Worst Cover

044900602601_bo2204203200_pilitbdp500arr Don’t know if I can make this work, but my worst cover was a contemporary.  There were a lot of sob stories behind this one, but the bottom line was that it was too late to do anything about it.  This, my friends, is supposed to be a VW bug with a heart-shaped vase sitting on it. I forget the color of the vase, but since it was pottery, it wasn’t silver!

21 thoughts on “Worst Cover”

  1. Yep, Pat, this cover’s a doozy. And it isn’t just the “Pimp-My-Ride” car, or the vase. The font they used for your name looks like it was done with shaving cream.
    Definitely a contender….
    Susan/Miranda

    Reply
  2. Yep, Pat, this cover’s a doozy. And it isn’t just the “Pimp-My-Ride” car, or the vase. The font they used for your name looks like it was done with shaving cream.
    Definitely a contender….
    Susan/Miranda

    Reply
  3. Yep, Pat, this cover’s a doozy. And it isn’t just the “Pimp-My-Ride” car, or the vase. The font they used for your name looks like it was done with shaving cream.
    Definitely a contender….
    Susan/Miranda

    Reply
  4. How hard is VW BUG? It’s only the most basic car on the planet. EVERYONE has either owned one, had a friend who did, or at least had many a bruise from playing SLUG BUG on a road trip.
    That thing looks like some kind of limo on steroids.
    You could give this cover concept to a room full of first-graders and get something useable for dog’s sake.

    Reply
  5. How hard is VW BUG? It’s only the most basic car on the planet. EVERYONE has either owned one, had a friend who did, or at least had many a bruise from playing SLUG BUG on a road trip.
    That thing looks like some kind of limo on steroids.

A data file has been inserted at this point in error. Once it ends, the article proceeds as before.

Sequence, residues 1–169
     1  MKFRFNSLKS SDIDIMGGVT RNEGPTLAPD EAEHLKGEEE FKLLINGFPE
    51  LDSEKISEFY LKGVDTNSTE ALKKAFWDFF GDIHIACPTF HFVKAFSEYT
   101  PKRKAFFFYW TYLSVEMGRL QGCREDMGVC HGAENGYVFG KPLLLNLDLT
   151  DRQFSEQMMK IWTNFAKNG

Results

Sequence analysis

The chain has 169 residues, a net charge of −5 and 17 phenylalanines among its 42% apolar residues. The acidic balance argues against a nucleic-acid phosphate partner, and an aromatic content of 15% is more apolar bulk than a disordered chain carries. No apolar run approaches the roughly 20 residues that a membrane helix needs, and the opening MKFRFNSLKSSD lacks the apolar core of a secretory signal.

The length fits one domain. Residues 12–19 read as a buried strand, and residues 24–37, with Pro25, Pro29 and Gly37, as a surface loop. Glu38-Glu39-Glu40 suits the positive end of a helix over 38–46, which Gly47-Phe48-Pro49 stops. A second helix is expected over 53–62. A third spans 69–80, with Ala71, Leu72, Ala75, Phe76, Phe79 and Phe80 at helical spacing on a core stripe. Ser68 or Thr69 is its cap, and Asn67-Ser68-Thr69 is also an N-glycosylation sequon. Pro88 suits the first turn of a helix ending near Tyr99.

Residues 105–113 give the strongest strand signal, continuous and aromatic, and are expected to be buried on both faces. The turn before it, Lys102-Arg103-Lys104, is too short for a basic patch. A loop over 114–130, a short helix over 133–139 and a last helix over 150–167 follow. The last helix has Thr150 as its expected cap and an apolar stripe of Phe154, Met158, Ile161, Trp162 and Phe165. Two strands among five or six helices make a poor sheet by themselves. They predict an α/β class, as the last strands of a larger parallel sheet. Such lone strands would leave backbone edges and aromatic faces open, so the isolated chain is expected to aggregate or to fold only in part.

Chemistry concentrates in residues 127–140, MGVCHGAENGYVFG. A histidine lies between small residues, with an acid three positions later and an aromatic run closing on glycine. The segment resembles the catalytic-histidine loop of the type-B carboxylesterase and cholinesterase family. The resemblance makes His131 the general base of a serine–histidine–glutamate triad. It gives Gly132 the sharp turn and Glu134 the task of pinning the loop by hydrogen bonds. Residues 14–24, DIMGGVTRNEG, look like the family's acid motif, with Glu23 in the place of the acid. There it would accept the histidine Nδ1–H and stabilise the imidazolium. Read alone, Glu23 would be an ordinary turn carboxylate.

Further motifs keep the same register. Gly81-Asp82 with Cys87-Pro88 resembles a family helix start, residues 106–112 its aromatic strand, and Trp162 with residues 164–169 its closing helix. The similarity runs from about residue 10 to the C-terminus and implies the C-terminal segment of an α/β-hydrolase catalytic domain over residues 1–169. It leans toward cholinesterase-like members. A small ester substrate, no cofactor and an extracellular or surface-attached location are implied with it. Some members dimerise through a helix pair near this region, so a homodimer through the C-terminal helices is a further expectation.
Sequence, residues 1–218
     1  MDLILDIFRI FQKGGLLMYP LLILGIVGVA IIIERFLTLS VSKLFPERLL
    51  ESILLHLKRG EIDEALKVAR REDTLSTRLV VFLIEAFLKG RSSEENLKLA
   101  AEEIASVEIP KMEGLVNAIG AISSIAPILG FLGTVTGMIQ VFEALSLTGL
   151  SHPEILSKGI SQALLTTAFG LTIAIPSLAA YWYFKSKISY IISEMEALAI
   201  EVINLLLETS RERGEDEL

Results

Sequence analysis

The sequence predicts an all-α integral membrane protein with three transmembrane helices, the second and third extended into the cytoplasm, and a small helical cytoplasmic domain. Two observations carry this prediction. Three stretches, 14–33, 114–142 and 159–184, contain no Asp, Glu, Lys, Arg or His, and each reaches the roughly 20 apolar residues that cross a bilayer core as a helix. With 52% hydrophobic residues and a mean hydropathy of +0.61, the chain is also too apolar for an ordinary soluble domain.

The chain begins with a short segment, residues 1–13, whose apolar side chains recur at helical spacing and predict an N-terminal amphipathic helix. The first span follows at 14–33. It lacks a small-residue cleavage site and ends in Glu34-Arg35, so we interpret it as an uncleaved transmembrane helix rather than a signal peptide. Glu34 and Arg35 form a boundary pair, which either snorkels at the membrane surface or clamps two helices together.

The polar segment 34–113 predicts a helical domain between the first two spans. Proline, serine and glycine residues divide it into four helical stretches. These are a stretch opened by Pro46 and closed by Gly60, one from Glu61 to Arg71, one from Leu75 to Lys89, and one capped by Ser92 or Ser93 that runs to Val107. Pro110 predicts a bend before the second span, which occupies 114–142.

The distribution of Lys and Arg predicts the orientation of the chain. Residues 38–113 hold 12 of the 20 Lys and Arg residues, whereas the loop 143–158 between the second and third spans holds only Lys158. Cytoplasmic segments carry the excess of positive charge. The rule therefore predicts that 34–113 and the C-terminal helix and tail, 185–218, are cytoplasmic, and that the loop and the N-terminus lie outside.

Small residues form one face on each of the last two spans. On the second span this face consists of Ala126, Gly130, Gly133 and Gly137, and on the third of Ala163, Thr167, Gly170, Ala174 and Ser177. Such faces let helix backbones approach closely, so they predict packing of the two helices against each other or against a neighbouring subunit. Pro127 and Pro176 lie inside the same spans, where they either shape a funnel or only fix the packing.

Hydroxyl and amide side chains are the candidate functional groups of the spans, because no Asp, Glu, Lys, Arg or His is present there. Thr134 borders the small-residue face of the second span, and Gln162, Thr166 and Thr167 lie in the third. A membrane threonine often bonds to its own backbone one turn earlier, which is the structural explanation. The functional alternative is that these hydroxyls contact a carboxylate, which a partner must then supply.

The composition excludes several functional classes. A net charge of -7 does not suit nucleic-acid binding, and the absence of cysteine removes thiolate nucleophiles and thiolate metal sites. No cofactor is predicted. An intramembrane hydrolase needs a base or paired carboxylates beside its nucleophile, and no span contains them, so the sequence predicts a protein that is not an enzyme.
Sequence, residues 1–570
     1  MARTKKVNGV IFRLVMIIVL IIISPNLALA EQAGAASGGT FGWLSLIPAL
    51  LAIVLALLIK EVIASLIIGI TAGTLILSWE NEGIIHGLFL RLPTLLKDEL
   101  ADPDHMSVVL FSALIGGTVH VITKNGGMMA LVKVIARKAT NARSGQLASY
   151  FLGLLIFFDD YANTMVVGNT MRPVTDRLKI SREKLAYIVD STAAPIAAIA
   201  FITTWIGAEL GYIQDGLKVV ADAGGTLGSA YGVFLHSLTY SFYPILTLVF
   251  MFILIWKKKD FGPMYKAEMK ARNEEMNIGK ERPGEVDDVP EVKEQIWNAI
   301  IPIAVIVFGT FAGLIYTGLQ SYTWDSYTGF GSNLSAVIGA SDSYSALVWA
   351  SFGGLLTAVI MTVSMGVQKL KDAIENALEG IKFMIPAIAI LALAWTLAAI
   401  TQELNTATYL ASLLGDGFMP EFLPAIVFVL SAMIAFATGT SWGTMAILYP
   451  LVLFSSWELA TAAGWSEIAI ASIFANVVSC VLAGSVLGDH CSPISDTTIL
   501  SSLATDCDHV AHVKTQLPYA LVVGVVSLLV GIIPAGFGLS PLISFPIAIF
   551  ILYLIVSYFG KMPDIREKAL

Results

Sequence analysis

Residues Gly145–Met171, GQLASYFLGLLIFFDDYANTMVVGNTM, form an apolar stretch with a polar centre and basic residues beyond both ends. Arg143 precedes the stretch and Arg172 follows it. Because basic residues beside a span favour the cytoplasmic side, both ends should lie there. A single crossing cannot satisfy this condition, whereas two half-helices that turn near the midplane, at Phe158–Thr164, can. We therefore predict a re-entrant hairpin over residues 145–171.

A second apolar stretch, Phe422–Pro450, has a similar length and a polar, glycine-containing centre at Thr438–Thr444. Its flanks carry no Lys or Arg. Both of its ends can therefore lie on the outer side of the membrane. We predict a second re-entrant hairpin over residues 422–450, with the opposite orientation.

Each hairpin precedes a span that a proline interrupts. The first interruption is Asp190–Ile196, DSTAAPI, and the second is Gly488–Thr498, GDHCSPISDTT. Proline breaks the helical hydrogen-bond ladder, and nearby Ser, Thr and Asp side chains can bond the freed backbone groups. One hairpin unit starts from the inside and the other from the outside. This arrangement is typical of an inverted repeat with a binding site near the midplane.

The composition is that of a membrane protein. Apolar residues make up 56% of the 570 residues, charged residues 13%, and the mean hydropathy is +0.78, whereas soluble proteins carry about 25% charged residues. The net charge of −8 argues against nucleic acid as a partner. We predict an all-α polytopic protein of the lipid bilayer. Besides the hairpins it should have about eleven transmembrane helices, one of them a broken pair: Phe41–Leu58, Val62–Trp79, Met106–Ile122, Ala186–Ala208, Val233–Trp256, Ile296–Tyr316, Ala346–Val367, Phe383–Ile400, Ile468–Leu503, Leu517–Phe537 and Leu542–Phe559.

You could give this cover concept to a room full of first-graders and get something useable for dog’s sake.

    Reply
  6. How hard is VW BUG? It’s only the most basic car on the planet. EVERYONE has either owned one, had a friend who did, or at least had many a bruise from playing SLUG BUG on a road trip.
    That thing looks like some kind of limo on steroids.
    You could give this cover concept to a room full of first-graders and get something useable for dog’s sake.

    Reply
  7. tal sez:
    We’re supposed to be discussing books here, but we can’t seem to get beyond the covers!
    Could it be that we are shallow?

    Reply
  8. tal sez:
    We’re supposed to be discussing books here, but we can’t seem to get beyond the covers!
    Could it be that we are shallow?

    Reply
  9. tal sez:
    We’re supposed to be discussing books here, but we can’t seem to get beyond the covers!
    Could it be that we are shallow?

    Reply
  10. From Jo.
    Tal, once authors start talking covers, we become obssessed. You’ll have noticed that, I think.
    Okay, I’ll ask a question in a main post.
    Jo

    Reply
  11. From Jo.
    Tal, once authors start talking covers, we become obssessed. You’ll have noticed that, I think.
    Okay, I’ll ask a question in a main post.
    Jo

    Reply
  12. From Jo.
    Tal, once authors start talking covers, we become obssessed. You’ll have noticed that, I think.
    Okay, I’ll ask a question in a main post.
    Jo

    Reply
  13. from Susan/sarah:
    Nobody’s Angel is a fabulous story, but what an odd cover — looks like the Little VW That Could. How strange that the art dept. though a cartoonish image of a car with a few flowers on the hood would be the best frontline selling point for that wonderful story.
    Sometimes the art directors are hard pressed to come up with ideas, and sometimes they don’t seem to grasp the synopsis (they probably don’t have time to actually read the books!).
    Covers are integral to published books as the face and the market representation of the story and the writing within. Seems to me it’s well worth discussing, since we can see what doesn’t work as well as what does, and it’s a fun topic to toss around. Thankfully writing isn’t always a serious biz!

    Reply
  14. from Susan/sarah:
    Nobody’s Angel is a fabulous story, but what an odd cover — looks like the Little VW That Could. How strange that the art dept. though a cartoonish image of a car with a few flowers on the hood would be the best frontline selling point for that wonderful story.
    Sometimes the art directors are hard pressed to come up with ideas, and sometimes they don’t seem to grasp the synopsis (they probably don’t have time to actually read the books!).